9Trident Jaguar 2014 TEED extended support to NFSUntil November 2013 the Training Exercise and Education Department (TEED) focused its expertise support on NATO Joint Operational Level in order to assist in preparation of the deployable JHQ together with its NRF Components Commands as an NRF force structure for respective rotation. In spite of the fact that TEED has supported the Steadfast/Trident Exercises in many areas and reached sound it would be a big failure to stay stagnant and not to extend the TEEDs support by including NATO Force Structure (NFS). in response to a short notice request for Academics support of NATO Rapid Deployable Corps Spain (NRDC-SP) in Valencia and the Naval Striking and Support Forces in NATO (SFN) in Lisbon. Generally, Trident Jaguar 2014 (TRJR 14) is an Allied Command of Transformation (ACT) sponsored exercise which aims training and evaluation of NRDC-SP and SFN respectively as Land and Maritime Expeditionary Joint Task Force HQ to plan and conduct a Smaller Joint Operation under the direct command of SACEUR. The goal of the TRJR 14 Academics Exercises (OCEs), including supporting and subordinate commands, key staff members with the latest developments, and best practices as they affect the JTF drawing on NATO experience from recent exercises and missions. This event also provided the opportunity to meet in person with the counterparts at other HQs to discuss issues and to establish a common understanding on the cooperation and interaction within the JTF HQ. As already mentioned, there are two OCEs of TRJR 14 which implies to conduct each item of Exercise Planning Schedule twice and in many cases at both locations in parallel. The TEEDs added value to four-day meetings of presentations and discussions was an enhancement of both OCEs key staff understanding of complexity and dynamism of the NATO CBRN Defence which enables the both entities to take into account, plan and organize CBRN Defence measures at all JTF HQ Command Control levels during the next exercise phases. The JCBRN Defence COE assistance to TRJR 14 and both HQs aspiring to be with the Academics. The TEED stays ready to support both MEL/MIL events and mainly the execution phase of the exercise with the observatory and advisory accomplishments. As the continuation of is foreseen, the TEEDs experience and observations gained from TRJR 14 will surely make the upcoming process easier.Author: COL Jaroslav Borek (CZE)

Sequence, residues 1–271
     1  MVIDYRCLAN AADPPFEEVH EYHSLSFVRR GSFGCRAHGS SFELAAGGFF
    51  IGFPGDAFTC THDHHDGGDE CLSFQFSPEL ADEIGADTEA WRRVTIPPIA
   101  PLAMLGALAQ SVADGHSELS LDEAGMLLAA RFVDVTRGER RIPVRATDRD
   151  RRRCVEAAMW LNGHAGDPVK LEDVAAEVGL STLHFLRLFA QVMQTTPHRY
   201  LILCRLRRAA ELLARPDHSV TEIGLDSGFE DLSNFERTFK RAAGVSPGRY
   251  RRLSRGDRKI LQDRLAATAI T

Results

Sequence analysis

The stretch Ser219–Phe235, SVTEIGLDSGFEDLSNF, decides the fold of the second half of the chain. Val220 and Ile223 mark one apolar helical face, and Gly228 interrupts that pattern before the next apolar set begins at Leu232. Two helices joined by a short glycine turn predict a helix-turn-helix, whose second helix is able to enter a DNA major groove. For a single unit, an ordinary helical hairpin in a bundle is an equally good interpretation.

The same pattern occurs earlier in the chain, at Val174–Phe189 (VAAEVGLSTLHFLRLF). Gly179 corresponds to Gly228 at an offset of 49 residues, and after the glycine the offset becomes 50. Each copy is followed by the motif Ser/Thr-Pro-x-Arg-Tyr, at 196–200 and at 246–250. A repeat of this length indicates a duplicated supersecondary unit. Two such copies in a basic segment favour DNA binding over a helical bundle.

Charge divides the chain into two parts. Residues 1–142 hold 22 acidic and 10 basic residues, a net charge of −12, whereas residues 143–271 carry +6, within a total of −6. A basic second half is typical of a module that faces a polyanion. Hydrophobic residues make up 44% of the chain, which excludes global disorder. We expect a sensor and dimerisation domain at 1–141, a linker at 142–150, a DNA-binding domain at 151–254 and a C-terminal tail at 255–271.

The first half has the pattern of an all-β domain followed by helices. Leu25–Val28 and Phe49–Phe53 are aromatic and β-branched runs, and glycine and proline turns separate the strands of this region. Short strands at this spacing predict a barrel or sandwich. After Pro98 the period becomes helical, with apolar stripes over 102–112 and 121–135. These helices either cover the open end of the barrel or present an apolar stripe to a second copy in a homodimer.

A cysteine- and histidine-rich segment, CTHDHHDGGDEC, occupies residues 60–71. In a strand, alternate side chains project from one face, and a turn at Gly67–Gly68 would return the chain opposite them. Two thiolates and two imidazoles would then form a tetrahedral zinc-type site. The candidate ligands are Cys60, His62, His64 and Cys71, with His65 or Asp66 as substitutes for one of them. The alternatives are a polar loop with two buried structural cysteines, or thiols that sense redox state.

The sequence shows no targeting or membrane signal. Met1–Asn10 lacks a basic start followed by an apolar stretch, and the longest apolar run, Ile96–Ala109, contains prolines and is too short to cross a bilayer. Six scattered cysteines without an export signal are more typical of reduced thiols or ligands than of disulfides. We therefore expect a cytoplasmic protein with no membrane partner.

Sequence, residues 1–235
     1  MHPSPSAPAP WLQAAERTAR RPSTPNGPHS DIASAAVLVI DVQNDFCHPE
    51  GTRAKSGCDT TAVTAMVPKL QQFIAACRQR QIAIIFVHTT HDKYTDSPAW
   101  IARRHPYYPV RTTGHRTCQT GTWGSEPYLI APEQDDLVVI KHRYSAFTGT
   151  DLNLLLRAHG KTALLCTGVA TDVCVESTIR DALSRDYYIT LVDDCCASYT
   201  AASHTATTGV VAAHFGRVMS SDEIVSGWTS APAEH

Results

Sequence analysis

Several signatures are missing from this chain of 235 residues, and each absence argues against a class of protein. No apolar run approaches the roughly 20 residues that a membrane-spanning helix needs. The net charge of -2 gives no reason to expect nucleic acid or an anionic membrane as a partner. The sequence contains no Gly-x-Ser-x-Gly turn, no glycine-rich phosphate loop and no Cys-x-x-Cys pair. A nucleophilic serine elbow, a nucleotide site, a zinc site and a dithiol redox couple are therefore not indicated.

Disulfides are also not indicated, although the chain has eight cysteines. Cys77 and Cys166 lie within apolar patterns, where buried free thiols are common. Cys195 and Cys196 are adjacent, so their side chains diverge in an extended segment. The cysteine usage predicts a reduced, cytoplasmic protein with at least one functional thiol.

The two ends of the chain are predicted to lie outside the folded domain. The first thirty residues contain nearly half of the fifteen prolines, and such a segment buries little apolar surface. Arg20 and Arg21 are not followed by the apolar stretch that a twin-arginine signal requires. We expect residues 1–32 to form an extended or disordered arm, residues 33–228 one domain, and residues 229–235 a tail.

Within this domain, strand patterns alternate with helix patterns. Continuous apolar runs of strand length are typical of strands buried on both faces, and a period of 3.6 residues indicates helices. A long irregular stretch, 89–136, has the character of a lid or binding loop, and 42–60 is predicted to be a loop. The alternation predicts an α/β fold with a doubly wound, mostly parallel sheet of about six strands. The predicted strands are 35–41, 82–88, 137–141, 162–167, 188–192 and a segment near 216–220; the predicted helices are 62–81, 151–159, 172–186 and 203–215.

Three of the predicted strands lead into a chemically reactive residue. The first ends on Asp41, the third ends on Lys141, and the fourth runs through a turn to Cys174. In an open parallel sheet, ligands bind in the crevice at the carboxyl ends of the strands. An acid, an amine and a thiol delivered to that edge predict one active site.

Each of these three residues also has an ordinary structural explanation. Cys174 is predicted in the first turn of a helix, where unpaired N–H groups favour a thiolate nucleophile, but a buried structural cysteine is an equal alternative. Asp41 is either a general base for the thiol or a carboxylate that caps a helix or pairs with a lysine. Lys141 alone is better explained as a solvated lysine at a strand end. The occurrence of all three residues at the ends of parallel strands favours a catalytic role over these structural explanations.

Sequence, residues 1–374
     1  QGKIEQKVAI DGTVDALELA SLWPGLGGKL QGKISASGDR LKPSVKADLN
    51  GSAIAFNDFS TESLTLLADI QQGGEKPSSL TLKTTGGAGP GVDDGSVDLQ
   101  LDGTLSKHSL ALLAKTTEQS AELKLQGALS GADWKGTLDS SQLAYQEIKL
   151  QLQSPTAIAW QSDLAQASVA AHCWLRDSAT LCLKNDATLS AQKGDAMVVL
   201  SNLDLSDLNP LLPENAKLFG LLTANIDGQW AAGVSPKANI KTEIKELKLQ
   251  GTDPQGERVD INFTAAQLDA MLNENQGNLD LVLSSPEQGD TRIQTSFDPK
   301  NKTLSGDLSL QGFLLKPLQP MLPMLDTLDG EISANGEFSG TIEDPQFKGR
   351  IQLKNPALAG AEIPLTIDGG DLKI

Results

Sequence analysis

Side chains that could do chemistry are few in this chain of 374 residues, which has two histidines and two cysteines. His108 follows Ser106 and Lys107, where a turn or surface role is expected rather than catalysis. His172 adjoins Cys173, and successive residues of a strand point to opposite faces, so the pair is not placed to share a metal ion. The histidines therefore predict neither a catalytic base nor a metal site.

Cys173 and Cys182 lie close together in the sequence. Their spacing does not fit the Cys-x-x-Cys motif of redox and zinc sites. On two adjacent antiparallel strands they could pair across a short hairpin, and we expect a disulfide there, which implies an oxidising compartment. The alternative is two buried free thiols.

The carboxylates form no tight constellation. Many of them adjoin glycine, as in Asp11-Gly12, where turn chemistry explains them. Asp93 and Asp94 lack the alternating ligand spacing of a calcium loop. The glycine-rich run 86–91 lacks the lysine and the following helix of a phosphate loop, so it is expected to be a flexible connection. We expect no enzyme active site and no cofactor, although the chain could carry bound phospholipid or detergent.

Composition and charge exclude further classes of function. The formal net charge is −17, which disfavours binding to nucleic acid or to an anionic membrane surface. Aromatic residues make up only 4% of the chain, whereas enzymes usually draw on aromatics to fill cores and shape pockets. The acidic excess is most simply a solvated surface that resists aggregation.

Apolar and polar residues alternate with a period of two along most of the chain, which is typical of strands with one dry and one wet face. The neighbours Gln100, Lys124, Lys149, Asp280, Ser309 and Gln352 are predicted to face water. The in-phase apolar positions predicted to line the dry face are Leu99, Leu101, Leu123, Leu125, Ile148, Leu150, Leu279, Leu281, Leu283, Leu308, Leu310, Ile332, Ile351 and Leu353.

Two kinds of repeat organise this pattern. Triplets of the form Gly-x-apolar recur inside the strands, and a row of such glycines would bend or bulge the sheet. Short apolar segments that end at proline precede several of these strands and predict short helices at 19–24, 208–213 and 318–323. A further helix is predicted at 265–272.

10CBRN Units Evaluators Course (8 12 SEP)The target is to prepare evaluators responsible for evaluation of CBRN Defence units for NATO Reaction Force Combined Joint Chemical Biological, Radiological and Nuclear Defense Task Force (NRF CJ CBRN International Radiological Consequence Management Course (6 9 OCT)The aim is to provide assessment specialists, emergency response personnel and emergency managers with the tools and techniques to develop and execute plans for responding to complex issues related to the release of radiological materials. Established strategies will be presented that cover the response elements required to respond to such events. Additionally, interaction and coordination between those response elements will be explored.CBRN Warning and Reporting Specialists Course (20 24 OCT) incidents and strengthen the foundation for integrity, good governance and management within members of the CBRN Warning and Reporting Centre by sharing experiences, challenges, and CBRN Warning and Reporting exercises in order to enhance professionalism.Crisis Management after CBRN Incident Course (10 14 NOV)The aim is to introduce and describe EU, NATO Crisis Management concept, organization, systems and procedures including Cooperation and Partnership initiatives in Crisis Management to EU, NATO and Partner International Radiological Assistance Program Training for Emergency Response (I-RAPTER) Advanced Course (18 21 NOV) Sign up for CBRN Courses Autumn 2014


design/print: www.absreklama.czThis email address is ready for your comments or questions! JCBRN Defence COE Newsletter Team JCBRN Defence COE 682 03 Czech Republic Assistant phone: +420 973 452 805 Fax: +420 973 452 800 Mobil: +420 777 702 858 IVSN: 925 4200 452 805 E-mail: Editorial Committee: Mrs. Pavla SKACELOVA, MAJ Elemir KUREJ Photos: COE Archive, 31st CBRN Brigade Liberec Archive, Web: 2013 Joint Chemical, Biological, Radiological and Nuclear Defence Centre of Excellence (JCBRN Defence COE); www.jcbrncoe.czAll rights reserved. No part of this publication may be reproduced, stored in a retrieval system, or transmitted in any form or by any means electronic, mechanical, photocopying, recording, or otherwise without the prior written permi ssion of the JCBRN Defence COE. This restriction does not apply to making digital or hard copies of this publication for internal use within the JCBRN copies bear above mentioned notice and a following citation: [Author(s), [name of the article] x/2013 Newsletter 2013 JCBRN Defence COE Sponsoring Nation(s). Although the JCBRN Defence COE has invested the utmost care in its preparation, the JCBRN Defence COE does not accept any liability for the accuracy and completeness of any information, instructions and advice provided, as well as for misprints. No claims can be made against the JCBRN Defence COE with respect to potential consequences from the reliance on information or conclusions contained in this publication.